Mars rover and Olympic fever hit J.D. and Pedro hard this week. J.D. highlights some essential smartphone and tablet apps for the mobile astronomer and The Kaiser officially opens the inaugural 7 inch Tablet Olympiad. In the news, Google’s Chrome browser continues to gain in popularity, Apple and Google’s divorce gets even more contentious, and Microsoft shows developers lots of love.
The 2012 Olympics are underway in London and although social media and streaming apps are bigger than they’ve ever been during the Games, not everything is going swimmingly. The US television network NBC has been getting some criticism as viewers complained about the Opening Ceremony commentary and for editing out a sensitive section of the show that dealt with terrorism
The tweetstorm also raged against Twitter when company suspended the account of journalist Guy Adams after he posted an NBC exec’s corporate e-mail address as part of a rant about the TV coverage. (The Adams account was soon reinstated, but the whole episode should have won Twitter a gold medal in the Synchronized Kneejerk event. But at least the company has apologized.)
Facebook, another pillar of online activity, has its own issue this week with allegations of click-fraud. Limited Run, a small startup company, said it could not verify 80 percent of the clicks on its advertisements and wonders “Who let the bots out?” Limited Run (which has deleted its Facebook page) was also involved in another spat with Facebook over changing the name of its company page. Facebook has said it’s looking into these matters.
Hulu Plus has landed on the Apple TV, but what the tech blogs are more concerned with is that Apple may be making new product announcements on September 12. While we wait to find out, we can always try out Google’s revamp of video chat for Gmail.
Not everyone is down with Valve Software’s efforts to bring Steam games to the Linux paltform. Richard Stallman, the founder of The GNU Project and the Free Software Foundation, has some concerns. Whatever your feelings on the matter, we hear Left 4 Dead 2 (4 Linux) is coming along nicely. Also on a gaming note, Ubisoft has patched a major security vulnerability in its Uplay browser plug-in. Players, please update your software.
We’re into August (and our 10th episode!) and there’s still time to enjoy the idle pleasures of just parking it for summer with visits to state parks, car trips to National Parks and all-day passes to theme parks. Just wait until they fix the Superman Ultimate Flight roller coaster at Six Flags Discovery Kingdom in California before you hop aboard, okay?
If you’re like The Kaiser, though, you may be spending your lazy days of summer upgrading your computers. (Ubuntu Linux frequently releases updates and that little company in Cupertino just popped out a new cat called OS X 10.8, you know.) As he reports this week, make sure your Mac has the hardware chops to wrestle the Cougar and prepare it properly before you jump into the App Store and slap down an electronic Jackson. The loss of the RSS Feeds feature in Safari and Mail is a bummer, but as with most things, there’s a hack to recover your lost Mail feeds for use elsewhere and a handful of other options for RSS fans who might be a tad peeved about the situation. Now that the brave and fearless early adopters have taken the Mountain Lion plunge, it won’t be long for the rest of us to catch up. Probably best to get it done before September 12th, just in case there are new things to occupy one’s attention.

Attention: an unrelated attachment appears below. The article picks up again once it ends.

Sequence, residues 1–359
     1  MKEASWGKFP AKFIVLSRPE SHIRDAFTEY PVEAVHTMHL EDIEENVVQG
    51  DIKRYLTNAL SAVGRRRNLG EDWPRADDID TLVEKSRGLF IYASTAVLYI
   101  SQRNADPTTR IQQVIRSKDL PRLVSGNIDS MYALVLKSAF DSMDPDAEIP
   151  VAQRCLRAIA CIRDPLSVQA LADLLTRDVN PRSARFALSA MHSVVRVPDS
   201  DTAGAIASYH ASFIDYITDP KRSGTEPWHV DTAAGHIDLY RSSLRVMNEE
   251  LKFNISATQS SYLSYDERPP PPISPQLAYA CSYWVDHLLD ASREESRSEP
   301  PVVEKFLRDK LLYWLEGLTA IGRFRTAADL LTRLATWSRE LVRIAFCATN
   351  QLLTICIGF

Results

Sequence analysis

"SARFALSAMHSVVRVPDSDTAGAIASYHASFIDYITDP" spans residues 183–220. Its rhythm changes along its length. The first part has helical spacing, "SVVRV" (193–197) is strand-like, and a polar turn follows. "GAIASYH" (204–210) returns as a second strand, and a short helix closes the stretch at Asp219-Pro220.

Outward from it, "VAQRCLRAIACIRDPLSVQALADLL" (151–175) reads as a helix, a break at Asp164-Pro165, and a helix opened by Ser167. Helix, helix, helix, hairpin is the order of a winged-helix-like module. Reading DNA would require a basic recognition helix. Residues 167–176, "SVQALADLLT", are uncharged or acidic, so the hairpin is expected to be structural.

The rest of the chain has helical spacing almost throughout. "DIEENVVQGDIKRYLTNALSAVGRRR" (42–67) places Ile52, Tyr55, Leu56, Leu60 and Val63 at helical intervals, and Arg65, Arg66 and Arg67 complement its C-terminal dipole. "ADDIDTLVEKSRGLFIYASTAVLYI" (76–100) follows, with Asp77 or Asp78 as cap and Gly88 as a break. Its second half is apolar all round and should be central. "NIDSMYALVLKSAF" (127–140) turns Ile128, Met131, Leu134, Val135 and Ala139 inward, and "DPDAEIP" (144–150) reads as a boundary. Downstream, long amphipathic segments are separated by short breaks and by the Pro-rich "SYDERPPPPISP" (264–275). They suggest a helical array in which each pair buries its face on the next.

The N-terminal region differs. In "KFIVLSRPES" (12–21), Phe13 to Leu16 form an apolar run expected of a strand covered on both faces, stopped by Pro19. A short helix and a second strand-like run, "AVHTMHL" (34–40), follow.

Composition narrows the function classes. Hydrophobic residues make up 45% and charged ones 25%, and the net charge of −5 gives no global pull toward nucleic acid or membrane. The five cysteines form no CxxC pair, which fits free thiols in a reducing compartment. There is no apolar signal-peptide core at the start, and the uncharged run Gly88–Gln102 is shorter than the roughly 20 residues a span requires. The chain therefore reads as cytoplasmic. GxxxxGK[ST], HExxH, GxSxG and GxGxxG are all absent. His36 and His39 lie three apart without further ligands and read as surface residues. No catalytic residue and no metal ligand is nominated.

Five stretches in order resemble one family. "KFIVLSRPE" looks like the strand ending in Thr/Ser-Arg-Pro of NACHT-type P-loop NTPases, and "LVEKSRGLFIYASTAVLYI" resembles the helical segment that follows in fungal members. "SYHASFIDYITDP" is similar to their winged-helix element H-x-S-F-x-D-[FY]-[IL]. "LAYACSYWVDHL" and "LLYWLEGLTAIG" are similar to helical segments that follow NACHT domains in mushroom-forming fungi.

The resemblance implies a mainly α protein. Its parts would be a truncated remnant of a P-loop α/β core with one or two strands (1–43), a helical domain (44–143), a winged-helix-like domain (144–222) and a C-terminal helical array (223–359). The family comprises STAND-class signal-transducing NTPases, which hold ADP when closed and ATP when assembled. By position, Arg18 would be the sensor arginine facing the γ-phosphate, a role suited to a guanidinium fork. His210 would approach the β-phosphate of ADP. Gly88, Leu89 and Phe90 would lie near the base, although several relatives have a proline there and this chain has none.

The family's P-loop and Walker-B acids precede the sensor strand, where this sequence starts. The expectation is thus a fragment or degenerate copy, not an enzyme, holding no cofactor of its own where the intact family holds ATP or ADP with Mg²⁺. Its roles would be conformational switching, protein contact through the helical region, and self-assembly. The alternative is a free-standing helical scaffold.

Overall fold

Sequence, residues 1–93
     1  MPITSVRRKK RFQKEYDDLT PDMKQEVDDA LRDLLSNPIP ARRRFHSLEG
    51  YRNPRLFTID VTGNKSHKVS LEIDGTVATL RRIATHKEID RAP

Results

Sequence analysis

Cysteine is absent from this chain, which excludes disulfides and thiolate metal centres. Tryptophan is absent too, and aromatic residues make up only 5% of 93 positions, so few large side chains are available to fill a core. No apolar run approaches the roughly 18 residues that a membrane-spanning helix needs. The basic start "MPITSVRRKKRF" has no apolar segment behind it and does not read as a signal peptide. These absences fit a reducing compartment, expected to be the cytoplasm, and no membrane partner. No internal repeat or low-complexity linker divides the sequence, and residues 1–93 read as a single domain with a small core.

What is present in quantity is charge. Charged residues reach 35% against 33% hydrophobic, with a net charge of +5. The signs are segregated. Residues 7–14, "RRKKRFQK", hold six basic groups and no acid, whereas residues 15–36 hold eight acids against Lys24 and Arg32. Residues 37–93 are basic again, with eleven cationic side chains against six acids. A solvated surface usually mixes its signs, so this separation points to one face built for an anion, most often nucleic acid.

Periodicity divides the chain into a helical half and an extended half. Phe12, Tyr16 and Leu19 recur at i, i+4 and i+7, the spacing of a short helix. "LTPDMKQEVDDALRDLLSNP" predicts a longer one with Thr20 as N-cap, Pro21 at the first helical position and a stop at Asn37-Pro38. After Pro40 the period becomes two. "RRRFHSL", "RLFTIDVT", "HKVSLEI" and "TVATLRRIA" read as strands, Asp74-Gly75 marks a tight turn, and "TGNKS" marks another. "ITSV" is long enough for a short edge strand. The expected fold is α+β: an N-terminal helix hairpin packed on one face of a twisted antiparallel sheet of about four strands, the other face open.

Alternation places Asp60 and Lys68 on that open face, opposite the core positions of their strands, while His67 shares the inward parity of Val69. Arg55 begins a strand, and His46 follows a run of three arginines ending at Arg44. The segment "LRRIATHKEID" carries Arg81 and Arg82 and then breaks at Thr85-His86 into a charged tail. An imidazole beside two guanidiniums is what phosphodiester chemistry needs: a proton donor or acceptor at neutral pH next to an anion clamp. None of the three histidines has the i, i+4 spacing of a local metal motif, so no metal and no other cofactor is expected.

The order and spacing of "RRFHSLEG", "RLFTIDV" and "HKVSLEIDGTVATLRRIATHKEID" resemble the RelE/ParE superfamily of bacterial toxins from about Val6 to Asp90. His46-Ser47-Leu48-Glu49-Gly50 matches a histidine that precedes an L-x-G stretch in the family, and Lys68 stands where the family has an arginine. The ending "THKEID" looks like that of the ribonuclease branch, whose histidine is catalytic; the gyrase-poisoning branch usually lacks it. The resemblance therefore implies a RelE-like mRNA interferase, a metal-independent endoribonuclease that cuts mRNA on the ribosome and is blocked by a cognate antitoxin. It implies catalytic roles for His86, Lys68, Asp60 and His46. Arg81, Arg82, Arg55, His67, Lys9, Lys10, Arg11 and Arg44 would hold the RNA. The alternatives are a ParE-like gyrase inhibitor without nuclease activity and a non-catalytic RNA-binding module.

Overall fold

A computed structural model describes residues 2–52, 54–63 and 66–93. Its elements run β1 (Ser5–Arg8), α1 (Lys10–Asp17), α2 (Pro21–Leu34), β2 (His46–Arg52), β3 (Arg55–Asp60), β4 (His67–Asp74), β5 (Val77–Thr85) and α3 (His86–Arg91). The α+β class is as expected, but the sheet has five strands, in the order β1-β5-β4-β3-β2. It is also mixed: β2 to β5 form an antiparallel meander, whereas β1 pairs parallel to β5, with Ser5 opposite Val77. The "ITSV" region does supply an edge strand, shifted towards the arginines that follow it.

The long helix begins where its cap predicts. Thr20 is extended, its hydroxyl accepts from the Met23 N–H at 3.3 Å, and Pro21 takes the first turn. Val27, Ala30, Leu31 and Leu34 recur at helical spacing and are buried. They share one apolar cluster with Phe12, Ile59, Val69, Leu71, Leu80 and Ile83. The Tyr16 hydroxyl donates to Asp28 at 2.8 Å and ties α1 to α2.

Pedro on game console media streaming servers and J.D. highlights some gold medal apps just in time for the 2012 Olympic Games. In the news, Youtube ticks off Wesley Crusher…well they’ve cheesed off actor and producer Wil Wheaton who played Ensign Crusher on ST:TNG while Apple and Samsung continue their slapfight in various coutrooms around the world and Amazon might rolls out a whole slew of tablets.
Need an app that lets you keep up with the 2012 Summer Olympic games in London? If you’re cruising the mobile Web on an Android or iOS device, quite a few await you. The London 2012 Organising Committee, for example, has three apps of its own, including Join In and Official London 2012 Results. The Results app is also available for BlackBerry and Windows Phone 7 users. If you need to pass the time between events, there’s also a game app where you can actually play a few sports on the screen while you’re waiting to find out who won men’s single canoe slalom.
NBC, which has the U.S. broadcasting rights for the Games has a mobile Web site for phones with browsers, plus two apps for Android and iOS users. The NBC Olympics app offers live event updates, medal counts, video clips, photos and more. If you have a user name and password from your cable or satellite provider, you can use the NBC Olympics Live Extra app for real-time streams and full video replays of all 302 events in the Summer Games. (For those in the U.K., the BBC has its own app action.)
Want to know more about the athletes on the American squad? The United States Olympic Committee has a free app called Team USA. The USOC app takes a personal look at members of the US Olympic and Paralympic teams, with bios, photo galleries and video clips, plus social media connections for Facebook and Twitter. And if sports photography is your cup of tea, the Thomson Reuters news service also has its own London Olympics 2012 app for iOS devices. Now then, let the Games begin!
P.S. The official London 2012 mascots still kind of creep me out… Are they staring at you, too?